Last week I posted on how much inequality has increased in the last 4 decades. The main conclusion then was that demand for skills, recently polarized by computerization, had driven much of the increase in wage inequality. Figure 1 shows that skills are actually rewarded all over the world, so this story is potentially not unique to the US. Cognitive skills are substantially rewarded across all 22 countries, with an average return of 18% for a "unit" (one standard deviation) of skills. The US is at the top of this with a premium of around 28%, implying a difference of around 50-60% between some one standard deviation above and someone one standard deviation below the average. If wages were determined mainly by luck, beauty or family connections, we would expect to see little connection between cognitive ability and wages. The high returns to skills all over the world confirm that this is not the case. And so inequality of income, is most likely highly related to inequality of skills on top of the demand shifts I explored last week.
Figure 1: Wage returns to skill, 2011-2013.
Education attainment has increased substantially in the US during the previous century, but it appears that has not been enough to catch up with the high increase in demand for some of those skills. For example, from 1963 to 1982 the fraction of hours provided by by college educated workers grew by around 1% per year. But since 1983 this increase has reduced to less 0.5%, which could partially explain the steep increase in the college premium (and particularly the post-college premium). Why has this happened? One hypothesis is that the Vietnam War might have over-boosted college attendance as it helped people skip the draft. However, this sharp (and unnecessarily high for the market) increase in supply of highly educated workers reduced the wage of college educated workers. As the returns to college became smaller, the following young generations may have been misled to believe that college was not worth it. Even nowadays, there are claims of a "college bubble" where young people are wasting too much money to get a degree. Even though it is possible that some the knowledge acquired is not useful, the market rewards it. Figure 1 showed that skills are rewarded, and Figure 2 shows that these rewards outweigh the extra costs of college. The net value of college is at its peak. Nowadays, the message of the need to get more education appears to have gotten through as the supply of college graduates has started to increase faster.
Figure 2: Lifetime value of college relative to high school degree, net of tuition cost.
But if inequality itself - through the difference in wages - is what partially leads young generations to educate themselves, what is wrong with it? A market economy may need inequality to provide incentives but this may have other costs. Intergenerational mobility is a way to evaluate the degree to which individual economic fortunes depend on their parents - for example the likelihood that children born to a low-income family become high-income adults and vice-versa. High economic inequality need not have low intergenerational mobility if the society is dynamic, with lots of movement up and down the economic ladder. But one concern is that high inequality at one point in time may serve to reduce mobility over time, and hence create a dynastic society if currently wealthy households are able to "buy" success for their children. This way inequality could become self-perpetuating, even if it originally starts from simple high market returns to skill. Figure 3 shows that this is a real concern, as societies with more income inequality have lower intergenerational mobility. And countries with higher college premiums also tend to display lower mobility.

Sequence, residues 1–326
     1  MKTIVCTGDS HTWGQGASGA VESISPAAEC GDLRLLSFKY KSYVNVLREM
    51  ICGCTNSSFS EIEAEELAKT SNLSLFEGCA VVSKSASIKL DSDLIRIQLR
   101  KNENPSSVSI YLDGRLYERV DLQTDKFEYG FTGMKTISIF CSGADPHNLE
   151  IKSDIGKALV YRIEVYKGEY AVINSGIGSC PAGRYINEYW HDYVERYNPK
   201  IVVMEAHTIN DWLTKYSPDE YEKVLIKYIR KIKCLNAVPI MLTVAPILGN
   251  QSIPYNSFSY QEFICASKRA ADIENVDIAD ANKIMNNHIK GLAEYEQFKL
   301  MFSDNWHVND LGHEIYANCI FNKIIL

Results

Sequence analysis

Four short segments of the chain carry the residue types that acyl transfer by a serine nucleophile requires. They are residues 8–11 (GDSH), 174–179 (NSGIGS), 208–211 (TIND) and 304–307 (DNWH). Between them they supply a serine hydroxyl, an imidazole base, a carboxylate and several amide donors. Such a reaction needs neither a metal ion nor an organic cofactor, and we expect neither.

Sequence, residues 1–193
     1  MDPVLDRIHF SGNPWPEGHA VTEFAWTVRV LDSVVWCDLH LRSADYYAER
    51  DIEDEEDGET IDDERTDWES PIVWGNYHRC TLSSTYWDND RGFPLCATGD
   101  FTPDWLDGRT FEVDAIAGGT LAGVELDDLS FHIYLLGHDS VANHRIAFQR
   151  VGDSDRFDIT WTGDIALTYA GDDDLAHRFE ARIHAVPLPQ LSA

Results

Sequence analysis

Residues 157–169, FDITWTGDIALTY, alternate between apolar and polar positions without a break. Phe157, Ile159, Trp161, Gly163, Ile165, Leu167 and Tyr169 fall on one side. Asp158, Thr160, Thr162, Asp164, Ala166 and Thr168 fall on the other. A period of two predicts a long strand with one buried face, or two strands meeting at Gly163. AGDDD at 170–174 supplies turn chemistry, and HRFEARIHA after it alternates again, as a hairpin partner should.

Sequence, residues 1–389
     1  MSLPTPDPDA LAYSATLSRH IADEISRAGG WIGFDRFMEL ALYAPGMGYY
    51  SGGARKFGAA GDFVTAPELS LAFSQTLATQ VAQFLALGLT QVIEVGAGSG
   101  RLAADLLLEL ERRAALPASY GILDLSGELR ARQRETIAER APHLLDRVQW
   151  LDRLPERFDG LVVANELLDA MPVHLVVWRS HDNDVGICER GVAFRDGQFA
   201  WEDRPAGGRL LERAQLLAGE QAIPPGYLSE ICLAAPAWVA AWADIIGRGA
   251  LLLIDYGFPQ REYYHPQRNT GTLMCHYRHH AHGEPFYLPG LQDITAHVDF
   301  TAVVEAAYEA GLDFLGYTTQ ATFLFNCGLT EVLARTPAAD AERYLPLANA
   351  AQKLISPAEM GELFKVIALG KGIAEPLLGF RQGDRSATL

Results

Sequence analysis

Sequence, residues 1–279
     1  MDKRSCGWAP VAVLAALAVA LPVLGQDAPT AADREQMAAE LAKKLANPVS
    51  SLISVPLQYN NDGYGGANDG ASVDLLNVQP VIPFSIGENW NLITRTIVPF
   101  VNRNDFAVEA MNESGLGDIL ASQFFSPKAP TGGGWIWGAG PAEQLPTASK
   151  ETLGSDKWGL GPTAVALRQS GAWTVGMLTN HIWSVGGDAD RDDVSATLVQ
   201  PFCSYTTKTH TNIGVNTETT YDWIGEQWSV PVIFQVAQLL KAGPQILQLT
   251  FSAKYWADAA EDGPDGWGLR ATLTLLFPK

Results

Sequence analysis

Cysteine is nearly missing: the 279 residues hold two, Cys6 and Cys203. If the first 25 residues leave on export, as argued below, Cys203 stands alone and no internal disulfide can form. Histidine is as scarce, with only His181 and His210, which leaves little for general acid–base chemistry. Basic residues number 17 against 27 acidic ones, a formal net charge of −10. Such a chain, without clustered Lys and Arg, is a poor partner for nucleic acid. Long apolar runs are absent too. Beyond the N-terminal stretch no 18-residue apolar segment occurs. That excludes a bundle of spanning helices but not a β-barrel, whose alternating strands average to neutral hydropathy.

Figure 3: Income inequality and intergenerational mobility.
Original figure is from Corak (2013)
When the return to education is high, children of better-educated parents have two advantages. They are more likely to receive a higher education and they are more likely to be more rewarded for that when they become adults. And recent work by Chetty and others (also in a previous post), suggested that intergenerational mobility does not seem to have improving over time in the US. I think this is the biggest risk of inequality. Inequality per se is not the problem. The problem is poverty and lack of opportunities, but inequality could be a big driver of the persistence of these issues among a group of people who are "doomed" from the very beginning of their lives.
Based on an article by Autor.
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